Singapore Based Startup WhatsHalal to Arrive in Indonesia with Halal Certification System
Registered in the acceleration program of Plug and Play Indonesia
Bintoro Agung - 29 February 2020
The halal business prospect in Indonesia is getting promising. It’s not only for the local business but also captures other global players.
WhatsHalal is one of the global players with interest in this sector. Based in Singapore, WhatsHalal is to enter the Indonesian market with services focus on halal certification system for food and beverages.
The government action to require halal-certified products in October 2019 under Law Number 33 of 2014 concerning Halal Product Guarantee is a great opportunity for WhatsHalal to focus on its services in Indonesia.
WhatsHalal has a platform that simplifies the end-to-end process of halal certification through blockchain technology. With this platform, WhatsHalal claims to be able to shorten the time needed for merchants to certify products and cut costs needed during the process.
Simply put, the blockchain technology on WhatsHalal platform allows a product to be tracked and recorded its halal level from farmers’ harvests, manufacturing processes, restaurants, and retailers, to consumers. In other words, the energy, cost, and time to test the halal content of a product can be saved because everything has been aggregated into the blockchain.
“The current halal certification process is very time consuming and requires a lot of paperwork. Starting from halal certification registration, testing, inspection and auditing of products and processes, to the approval and granting of halal certificates,” WhatsHalal’s Founder and CEO Azman Ivan Tan said.
The use of blockchain for halal certification is based on the amount of data collected, stored and processed in the certification process. In addition, the use of the blockchain aims to encourage aspects of transparency and security of their services.
“We believe the use and implementation of the blockchain technology still in its early stages. As there are many applications of this technology in other industries in the future, the use of the blockchain will become the main standard in terms of security and supply chain that requires trust,” Azman added.
Arrival in Indonesia
In fact, Indonesia is the largest halal food consuming country in the world. Stated as the largest Muslim population, the velocity of money for halal food in Indonesia annually reaches US$ 173 billion.
The obligation to hold halal certificates for all producers, including SMEs, is one of the ways the government boosts the growth of halal products in the country. No wonder WhatsHalal, which currently only operates in Singapore, immediately peddled its services in Indonesia after the second quarter of 2020.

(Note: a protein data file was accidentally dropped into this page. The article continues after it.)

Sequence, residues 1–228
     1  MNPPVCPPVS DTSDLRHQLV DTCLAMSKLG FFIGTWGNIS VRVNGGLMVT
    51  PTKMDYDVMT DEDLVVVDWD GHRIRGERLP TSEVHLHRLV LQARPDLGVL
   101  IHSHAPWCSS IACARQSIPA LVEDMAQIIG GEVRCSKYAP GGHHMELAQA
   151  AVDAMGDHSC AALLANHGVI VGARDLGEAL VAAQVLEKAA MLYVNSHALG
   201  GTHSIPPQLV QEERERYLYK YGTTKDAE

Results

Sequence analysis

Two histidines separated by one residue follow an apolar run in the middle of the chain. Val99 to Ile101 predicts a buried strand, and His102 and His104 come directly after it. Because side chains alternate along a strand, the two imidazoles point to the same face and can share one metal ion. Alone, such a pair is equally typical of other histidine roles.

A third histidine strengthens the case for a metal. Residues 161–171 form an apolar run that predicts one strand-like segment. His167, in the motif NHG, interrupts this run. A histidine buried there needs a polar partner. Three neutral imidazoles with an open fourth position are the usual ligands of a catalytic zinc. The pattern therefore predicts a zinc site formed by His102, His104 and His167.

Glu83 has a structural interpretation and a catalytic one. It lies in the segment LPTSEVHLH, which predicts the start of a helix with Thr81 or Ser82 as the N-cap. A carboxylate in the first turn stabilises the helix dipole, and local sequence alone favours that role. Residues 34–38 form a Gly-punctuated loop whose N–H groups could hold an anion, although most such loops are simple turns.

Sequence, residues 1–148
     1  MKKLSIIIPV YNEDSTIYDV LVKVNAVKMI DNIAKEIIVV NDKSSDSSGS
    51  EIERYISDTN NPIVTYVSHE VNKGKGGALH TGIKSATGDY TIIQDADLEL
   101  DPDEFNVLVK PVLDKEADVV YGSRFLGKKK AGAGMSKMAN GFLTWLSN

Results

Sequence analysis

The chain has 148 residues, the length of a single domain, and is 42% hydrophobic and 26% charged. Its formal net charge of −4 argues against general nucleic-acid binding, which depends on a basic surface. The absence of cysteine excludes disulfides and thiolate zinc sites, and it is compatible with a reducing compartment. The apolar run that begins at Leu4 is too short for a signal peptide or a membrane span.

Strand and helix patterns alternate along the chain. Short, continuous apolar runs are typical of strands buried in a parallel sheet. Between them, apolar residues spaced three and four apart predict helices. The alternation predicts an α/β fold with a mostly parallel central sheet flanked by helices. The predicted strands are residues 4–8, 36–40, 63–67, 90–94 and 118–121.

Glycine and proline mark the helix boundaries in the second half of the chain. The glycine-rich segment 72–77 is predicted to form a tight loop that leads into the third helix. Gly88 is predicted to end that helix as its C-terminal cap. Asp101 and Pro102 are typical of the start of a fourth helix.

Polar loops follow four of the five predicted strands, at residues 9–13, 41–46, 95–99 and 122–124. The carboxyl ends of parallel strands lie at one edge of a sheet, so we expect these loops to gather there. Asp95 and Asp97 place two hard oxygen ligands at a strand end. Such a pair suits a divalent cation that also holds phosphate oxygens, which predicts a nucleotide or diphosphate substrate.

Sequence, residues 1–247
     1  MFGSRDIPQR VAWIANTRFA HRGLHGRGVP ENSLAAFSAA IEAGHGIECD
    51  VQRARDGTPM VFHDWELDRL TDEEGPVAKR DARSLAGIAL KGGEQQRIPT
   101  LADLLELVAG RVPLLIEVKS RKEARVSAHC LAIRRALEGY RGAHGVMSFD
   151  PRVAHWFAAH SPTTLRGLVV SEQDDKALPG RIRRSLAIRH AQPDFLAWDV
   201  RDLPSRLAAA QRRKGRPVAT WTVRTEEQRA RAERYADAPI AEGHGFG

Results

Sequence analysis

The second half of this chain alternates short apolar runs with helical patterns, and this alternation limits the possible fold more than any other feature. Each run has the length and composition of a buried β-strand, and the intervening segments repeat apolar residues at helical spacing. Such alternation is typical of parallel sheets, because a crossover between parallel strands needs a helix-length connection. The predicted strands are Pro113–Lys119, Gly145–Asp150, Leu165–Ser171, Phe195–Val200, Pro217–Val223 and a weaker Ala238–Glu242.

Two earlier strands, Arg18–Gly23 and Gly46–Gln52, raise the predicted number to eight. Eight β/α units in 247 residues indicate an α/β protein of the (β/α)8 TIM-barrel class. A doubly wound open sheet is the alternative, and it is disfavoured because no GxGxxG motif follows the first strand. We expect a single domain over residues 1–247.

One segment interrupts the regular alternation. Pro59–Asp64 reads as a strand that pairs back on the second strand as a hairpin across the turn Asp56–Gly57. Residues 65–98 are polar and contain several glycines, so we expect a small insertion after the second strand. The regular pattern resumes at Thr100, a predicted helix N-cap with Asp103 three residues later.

“Our platform can also help merchants measure the halal content of their products for export, thereby helping business decision making and adding value in terms of production and sales of halal products,” Azman wrote to DailySocial.
Before officially launched in Indonesia, WhatsHalal made its first steps by joining the acceleration program of Plug and Play Indonesia. In addition, they also just announced their success in obtaining initial funding with an undisclosed value.
Furthermore, Azman said that his team is looking for collaboration to work with the authorities in Indonesia such as the Indonesian Ulema Council, the Halal Product Guarantee Agency (BPJH), and several stakeholders to pave their way.
“We have some good partners and contacts of companies and local organizations in the halal product network. This will help the implementation of our platform for big players and SMEs in Indonesia,” he added.
SMEs as significant target
It’s not surprising when Azman mentioned SMEs due to its large number in Indonesia. The JPH Law indeed obliges SMEs, as well as corporations, to comply with the implementation of this halal certification. This actually raises another problem for SMEs due to the time-consuming and high-costing process.
WhatsHalal took this as an opportunity. Due to a large number of SMEs in Indonesia at almost 60 million and only 8 percent go online. With the all-digital WhatsHalal platform and the government’s push to require halal certification, Azman is confident that he will succeed in Indonesia.
“Indonesia’s halal industry has great potential that local and domestic players are yet to realize. Therefore, we thought the rise of halal certification implementation and obligation is to drive the Indonesian market needed to become a global giant of halal products and support the development of the entire industry,” Azman said.
WhatsHalal’s arrival will enrich the digital ecosystem which focuses on the Islamic economy and halal products in Indonesia. In addition to Islamic financial products, halal food and beverages and the Umrah marketplace are the most potential sectors to be worked on in the country. With the increasing business based on sharia economics and halal products, WhatsHalal has at least succeeded to have the right momentum.
Original article is in Indonesian, translated by Kristin Siagian